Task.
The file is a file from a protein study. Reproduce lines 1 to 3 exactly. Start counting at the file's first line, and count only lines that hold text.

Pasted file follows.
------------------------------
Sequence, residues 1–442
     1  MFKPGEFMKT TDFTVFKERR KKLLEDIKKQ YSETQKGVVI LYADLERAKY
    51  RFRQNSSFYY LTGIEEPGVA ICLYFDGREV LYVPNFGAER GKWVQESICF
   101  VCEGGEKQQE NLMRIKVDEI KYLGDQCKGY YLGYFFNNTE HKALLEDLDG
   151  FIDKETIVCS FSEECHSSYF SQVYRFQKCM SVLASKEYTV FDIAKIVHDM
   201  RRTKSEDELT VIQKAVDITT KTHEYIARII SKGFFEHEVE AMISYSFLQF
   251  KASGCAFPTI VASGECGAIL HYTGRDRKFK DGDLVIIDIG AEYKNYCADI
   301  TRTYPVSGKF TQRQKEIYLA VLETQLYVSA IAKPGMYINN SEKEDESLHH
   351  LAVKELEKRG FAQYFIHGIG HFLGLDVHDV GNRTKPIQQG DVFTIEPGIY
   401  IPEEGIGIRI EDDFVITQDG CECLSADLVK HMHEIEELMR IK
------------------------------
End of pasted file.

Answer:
Sequence, residues 1–442
     1  MFKPGEFMKT TDFTVFKERR KKLLEDIKKQ YSETQKGVVI LYADLERAKY
    51  RFRQNSSFYY LTGIEEPGVA ICLYFDGREV LYVPNFGAER GKWVQESICF